Cars: Accelerating the Modern World by Brendan Cormier and Elizabeth Bisley
Has a single product impacted the world more than the car? From Henry Ford’s assembly-line factories to visions of flying-taxi utopias, this catalog for the Victoria & Albert Museum exhibition (which is up through April 19, 2020) traces how one invention commandeered our roads, cities, and lives. Although there are plenty of pages devoted to quote-unquote car culture, from the quirky Volkswagen Beetle’s ad campaign to the aerodynamic design of sports cars, the book also reads as a retrospective for the soon-to-be-transformed automobile age, with a knockout essay by urbanism writer Allison Arieff.
A Colorful Life: Gere Kavanaugh, Designer by Louise Sandhaus and Kat Catmur
Sometimes designers who work between fields on ephemeral-but-memorable exhibitions, store interiors, textiles, and graphics get left out of the histories of big buildings and big ad campaigns. This new book makes sure Kavanaugh’s career—and colorful life at home—doesn’t suffer such erasure: Between purple-pink-and-orange covers it tells the story of a prodigious Memphis girl who was the third female MFA graduate of the Cranbrook Academy of Art and was promptly hired by General Motors to market its cars and refrigerators to women.
Ballpark: Baseball in the American City by Paul Goldberger
The author, critic, and Vanity Fair contributing editor explores how the growth of baseball—from the sport’s urban roots in the late 19th century to today’s era of mega-developments and technologically advanced stadiums—mirrors the country’s views on urbanism, for better or worse. From the utilitarian beauty of early 20th-century ballparks like Chicago’s Wrigley Field and Boston’s Fenway Park—each nestled into its respective neighborhood—to the doughnut-shaped concrete structures that sprouted in suburbia after World War II, baseball’s growth has neatly paralleled the country’s attitudes not only about cities, but about shared civic space.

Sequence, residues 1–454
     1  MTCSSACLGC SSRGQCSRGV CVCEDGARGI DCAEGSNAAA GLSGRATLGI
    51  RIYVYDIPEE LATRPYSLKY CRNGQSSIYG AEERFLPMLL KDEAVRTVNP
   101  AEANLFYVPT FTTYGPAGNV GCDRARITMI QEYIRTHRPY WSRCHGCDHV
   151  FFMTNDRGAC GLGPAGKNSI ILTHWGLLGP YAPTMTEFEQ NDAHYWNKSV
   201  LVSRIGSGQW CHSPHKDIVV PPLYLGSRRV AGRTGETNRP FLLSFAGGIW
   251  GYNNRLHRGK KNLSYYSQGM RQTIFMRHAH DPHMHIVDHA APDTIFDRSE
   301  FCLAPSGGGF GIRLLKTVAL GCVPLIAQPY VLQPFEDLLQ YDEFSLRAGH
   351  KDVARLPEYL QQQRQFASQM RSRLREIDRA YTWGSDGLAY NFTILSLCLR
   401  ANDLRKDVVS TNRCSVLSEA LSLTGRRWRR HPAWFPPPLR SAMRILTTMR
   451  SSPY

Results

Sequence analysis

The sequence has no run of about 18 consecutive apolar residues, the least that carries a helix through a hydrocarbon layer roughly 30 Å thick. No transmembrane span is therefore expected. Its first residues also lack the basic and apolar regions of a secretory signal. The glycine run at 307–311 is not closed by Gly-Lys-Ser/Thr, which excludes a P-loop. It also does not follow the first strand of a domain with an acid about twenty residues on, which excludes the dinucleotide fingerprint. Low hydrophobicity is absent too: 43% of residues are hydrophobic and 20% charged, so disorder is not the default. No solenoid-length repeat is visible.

User Friendly: How the Hidden Rules of Design Are Changing the Way We Live, Work, and Play by Cliff Kuang with Robert Fabricant
Getting notifications on your phone is something many people take for granted, but behind that simple interaction—your phone letting you know about a text or an Instagram like—are decades of research on how humans and technology can better communicate. Kuang’s book on user experience design is as much design history as commentary on our present-day relationship with the world at large, taking readers on an exciting journey from the harrowing Three Mile Island partial nuclear reactor meltdown to the Facebook “like” button and beyond. In the process it opens our eyes to the many ways human behavior has been affected by designers striving to make their products “user friendly”—and the unintentional consequences that arise from that aspiration.
Charlotte Perriand: Inventing a New World by Jacques Barsac, Sebastien Cherruet, and Pernette Perriand
As the designer of Le Corbusier’s interiors, including a modular kitchen for his Unité d’Habitation, Perriand achieved international recognition. But the French designer’s work went beyond Corbu collaborations, creating timeless pieces using then-experimental materials like tubular chrome, aluminum, and bamboo across an eight-decade career. (She died in 1999.) The catalog of the acclaimed Fondation Louis Vuitton show (on view through February 24, 2020) includes essays that firmly assert Perriand’s influence—not only within the design world, but as a passionate advocate for social housing.